In contrast to microreactors and micro-heat exchangers that are already employed in research and development projects and even in initial industrial processes, the problem of the layout of electronic coolers is sill completely unresolved since “heat management” in a microreactor or micro-heat exchanger is fundamentally different from that in a cooler that has to remove heat from a surface area.
In a reactor, heat that occurs in a flowing medium, that is, inside the reactor, must be removed or exchanged as rapidly as possible in order to come as dose as possible to the ideal of an isothermal process. For this reason, attempts are being made within process engineering limits of a reaction to keep the cross-sections of the channels and the wall thickness between the channels as small as possible. Naturally a reactor must also be optimized in terms of layout, e.g., with respect to flow resistance, flow rate, etc.; but the fundamental heat management principle is relatively simple.
For instance, it has been reported that microstructure components can be manufactured from individual thin metal sheets (films) that have a fine structure, the microstructure (see U.S. Pat. No. 4,516,632, for instance). In contrast, in a cooler for electronic components the heat must be removed from a strong, local exterior heat source.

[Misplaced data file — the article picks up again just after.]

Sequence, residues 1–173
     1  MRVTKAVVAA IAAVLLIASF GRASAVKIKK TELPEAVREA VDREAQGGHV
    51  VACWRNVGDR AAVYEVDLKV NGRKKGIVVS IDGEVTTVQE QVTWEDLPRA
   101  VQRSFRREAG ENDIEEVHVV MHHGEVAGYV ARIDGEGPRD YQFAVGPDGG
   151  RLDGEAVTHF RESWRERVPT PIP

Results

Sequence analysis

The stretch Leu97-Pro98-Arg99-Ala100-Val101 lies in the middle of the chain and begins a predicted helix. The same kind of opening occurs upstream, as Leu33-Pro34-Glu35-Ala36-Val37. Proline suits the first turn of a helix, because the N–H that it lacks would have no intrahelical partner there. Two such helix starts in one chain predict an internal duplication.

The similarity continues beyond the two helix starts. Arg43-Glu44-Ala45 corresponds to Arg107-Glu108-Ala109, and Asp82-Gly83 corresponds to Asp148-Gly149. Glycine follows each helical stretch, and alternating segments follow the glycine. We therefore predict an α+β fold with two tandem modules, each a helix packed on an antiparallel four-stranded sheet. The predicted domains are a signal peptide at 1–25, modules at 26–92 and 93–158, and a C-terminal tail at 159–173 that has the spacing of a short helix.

Upon closer inspection, this object, i.e., removing heat from a local highly heated surface, proves to be a very complex problem. The difficulty is that the actual heat source is located outside of the cooler, that is, much more attention must be given to the heat resistances within the three-dimensional structure of the cooling body through which the fluid flows.
The solution to the problem is now further complicated by additional specific requirements in electronics (for instance, when cooling CPU elements) in that the heat must be removed with a minimum requirement for cooling water and a minimum pressure loss in the cooler.
It has been found, that is, that increasing the cooling capacity by using increasingly fine structures, that is, smaller channel cross-sections, is only possible in a limited fashion since then the flow resistance rises too high.
This effect always becomes a problem when a large quantity of heat is to be removed via a small surface area without the flow resistance increasing too much. In this case, then, the cooling capacity cannot simply be increased in that the flow speed of the cooling medium is increased by higher pressure difference, as is the custom in the prior art.
For application in PCs, servers, and workstations, low pressure pumps are typically used that produce, for instance, a pressure of up to approx. 250 mbar. Powerful cooling medium pump systems for conventional microreactors that work under elevated initial pressure, for instance 5 bar and more, are not acceptable in this case due to the cost.